I'm using the GitHub client on Win and sometimes it doesn't update the remote branches. The first line "git remote update" works like a charm. Easy & clean Aug 9, 2016 at 13:42
  • 13
    It didn't help.
    – dKab
    Mar 20, 2017 at 15:31
  • I think I had aleady successfully fetched the branch but just needed to see it listed with git branch -r. On git-scm.com/docs/git-branch it says "Option -r causes the remote-tracking branches to be listed, and option -a shows both local and remote branches". git remote update fetches all branches of all remotes listed in git remote -v.
    – Rock Lee
    Jun 4, 2018 at 22:21
  • After running this I was able to run git checkout origin/master and then branched off of that detached head to my master branch git branch master; git checkout master
    – Dfranc3373
    Jun 20, 2018 at 17:40
  • 1
    Works for me. Sure seems like Visual Studio should have this as a right click option on the remotes/origin folder in the Branches UI. Apr 15, 2019 at 20:15
162

The remote section also specifies fetch rules. You could add something like this into it to fetch all branches from the remote:

fetch = +refs/heads/*:refs/remotes/origin/*

(Or replace origin with bitbucket.)

Please read about it here: 10.5 Git Internals - The Refspec

9
  • 3
    This fixed my ongoing branching issue in Git that I had for weeks. Suddenly all the git remote update stuff actually started working. Thanks!
    – PålOliver
    Jul 5, 2013 at 9:28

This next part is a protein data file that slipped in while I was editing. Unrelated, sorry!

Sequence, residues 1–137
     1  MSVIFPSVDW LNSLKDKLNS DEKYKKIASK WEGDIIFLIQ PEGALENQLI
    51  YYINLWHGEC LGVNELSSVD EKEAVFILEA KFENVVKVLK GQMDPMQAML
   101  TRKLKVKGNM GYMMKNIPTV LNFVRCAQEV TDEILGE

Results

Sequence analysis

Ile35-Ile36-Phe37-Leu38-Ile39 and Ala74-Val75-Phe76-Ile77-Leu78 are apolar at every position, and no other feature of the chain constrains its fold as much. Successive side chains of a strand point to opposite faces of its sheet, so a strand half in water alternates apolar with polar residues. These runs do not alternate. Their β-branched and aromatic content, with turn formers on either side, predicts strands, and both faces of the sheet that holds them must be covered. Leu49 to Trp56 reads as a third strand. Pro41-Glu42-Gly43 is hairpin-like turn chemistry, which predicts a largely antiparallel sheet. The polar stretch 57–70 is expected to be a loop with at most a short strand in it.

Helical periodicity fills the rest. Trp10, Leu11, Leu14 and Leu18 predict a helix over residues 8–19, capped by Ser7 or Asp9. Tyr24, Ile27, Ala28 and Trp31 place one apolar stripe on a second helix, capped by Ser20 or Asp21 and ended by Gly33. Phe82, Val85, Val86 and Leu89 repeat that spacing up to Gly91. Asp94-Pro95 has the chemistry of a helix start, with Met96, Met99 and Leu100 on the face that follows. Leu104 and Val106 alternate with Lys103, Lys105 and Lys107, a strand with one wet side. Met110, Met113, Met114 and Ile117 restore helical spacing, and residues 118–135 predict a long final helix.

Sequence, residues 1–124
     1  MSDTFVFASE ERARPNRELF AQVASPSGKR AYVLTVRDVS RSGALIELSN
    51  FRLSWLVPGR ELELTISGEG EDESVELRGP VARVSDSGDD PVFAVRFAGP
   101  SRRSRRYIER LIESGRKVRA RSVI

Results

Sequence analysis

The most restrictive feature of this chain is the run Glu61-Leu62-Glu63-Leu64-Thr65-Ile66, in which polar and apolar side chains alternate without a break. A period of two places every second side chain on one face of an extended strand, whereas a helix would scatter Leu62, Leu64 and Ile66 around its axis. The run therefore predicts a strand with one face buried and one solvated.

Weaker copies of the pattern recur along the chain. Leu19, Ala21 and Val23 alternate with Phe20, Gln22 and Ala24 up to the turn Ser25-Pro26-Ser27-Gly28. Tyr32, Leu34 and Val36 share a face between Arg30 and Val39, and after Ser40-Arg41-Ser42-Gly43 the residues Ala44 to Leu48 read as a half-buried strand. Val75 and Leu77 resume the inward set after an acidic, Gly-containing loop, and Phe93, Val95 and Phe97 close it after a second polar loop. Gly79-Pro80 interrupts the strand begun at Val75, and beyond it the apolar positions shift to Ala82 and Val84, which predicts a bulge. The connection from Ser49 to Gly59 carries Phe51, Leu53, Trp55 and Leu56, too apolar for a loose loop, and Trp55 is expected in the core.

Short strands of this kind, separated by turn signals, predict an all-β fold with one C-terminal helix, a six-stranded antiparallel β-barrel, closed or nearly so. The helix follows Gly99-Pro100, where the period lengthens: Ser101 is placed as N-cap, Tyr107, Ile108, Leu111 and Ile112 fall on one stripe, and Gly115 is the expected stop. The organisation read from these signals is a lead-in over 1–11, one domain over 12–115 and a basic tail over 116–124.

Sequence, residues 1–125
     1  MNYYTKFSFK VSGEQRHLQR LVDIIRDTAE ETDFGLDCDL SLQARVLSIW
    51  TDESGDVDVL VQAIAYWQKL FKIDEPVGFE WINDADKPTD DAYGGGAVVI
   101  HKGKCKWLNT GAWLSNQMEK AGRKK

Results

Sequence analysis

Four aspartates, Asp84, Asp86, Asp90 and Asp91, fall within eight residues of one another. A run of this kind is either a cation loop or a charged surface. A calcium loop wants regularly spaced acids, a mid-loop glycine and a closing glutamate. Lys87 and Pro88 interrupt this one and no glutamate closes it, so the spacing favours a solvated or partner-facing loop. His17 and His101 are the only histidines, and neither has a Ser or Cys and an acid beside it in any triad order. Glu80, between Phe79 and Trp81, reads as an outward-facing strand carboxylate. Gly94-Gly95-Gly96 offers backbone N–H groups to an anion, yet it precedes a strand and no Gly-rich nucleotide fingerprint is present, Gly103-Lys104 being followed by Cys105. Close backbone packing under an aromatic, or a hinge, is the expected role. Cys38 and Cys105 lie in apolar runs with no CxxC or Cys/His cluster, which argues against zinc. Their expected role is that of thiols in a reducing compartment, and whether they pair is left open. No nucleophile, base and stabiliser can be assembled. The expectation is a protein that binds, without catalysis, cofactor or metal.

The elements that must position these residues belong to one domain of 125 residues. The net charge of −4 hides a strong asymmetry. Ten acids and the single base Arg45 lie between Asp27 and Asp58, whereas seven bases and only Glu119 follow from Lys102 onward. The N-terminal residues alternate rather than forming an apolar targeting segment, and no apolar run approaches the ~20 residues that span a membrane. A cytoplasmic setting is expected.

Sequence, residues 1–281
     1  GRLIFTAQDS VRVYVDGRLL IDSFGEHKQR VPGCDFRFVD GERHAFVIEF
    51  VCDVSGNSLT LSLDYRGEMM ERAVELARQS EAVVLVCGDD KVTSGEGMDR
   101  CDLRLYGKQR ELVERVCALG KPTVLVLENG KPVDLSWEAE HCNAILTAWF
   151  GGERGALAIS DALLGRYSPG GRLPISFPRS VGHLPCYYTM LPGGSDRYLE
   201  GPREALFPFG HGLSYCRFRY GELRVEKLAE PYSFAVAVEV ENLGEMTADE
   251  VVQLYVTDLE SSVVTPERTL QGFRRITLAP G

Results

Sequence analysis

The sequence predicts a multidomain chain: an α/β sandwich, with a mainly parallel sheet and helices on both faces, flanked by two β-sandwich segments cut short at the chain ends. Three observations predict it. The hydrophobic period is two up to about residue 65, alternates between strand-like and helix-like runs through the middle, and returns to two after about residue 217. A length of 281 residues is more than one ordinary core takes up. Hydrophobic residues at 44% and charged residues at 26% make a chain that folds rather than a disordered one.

• 5
    For some reason, it looked like: fetch = +refs/heads/master:refs/remotes/origin/master for me. Replacing master with * fixed my problem. Oct 7, 2015 at 10:07
  • 6
    The file you need to edit is .git/config Sep 16, 2016 at 12:38
  • 2
    This is very usefull if you have converted a shallow clone to an unshallow.
    – Warpzit
    Oct 3, 2016 at 13:29
  • @kan Do you know why this sometimes happens? It just happen to me when git clone a project. I don't recall having done anything special with my local git. Feb 22, 2017 at 22:51
109

If you clone with the --depth parameter, it sets .git/config not to fetch all branches, but only master.

You can simply omit the parameter or update the configuration file from

fetch = +refs/heads/master:refs/remotes/origin/master

to

fetch = +refs/heads/*:refs/remotes/origin/*
1
  • 8
    you can edit the configuration with git config -e
    – David
    Apr 18, 2018 at 7:00
36

I had the same issue. It seems the easiest solution is to just remove the remote, readd it, and fetch.

4
  • 8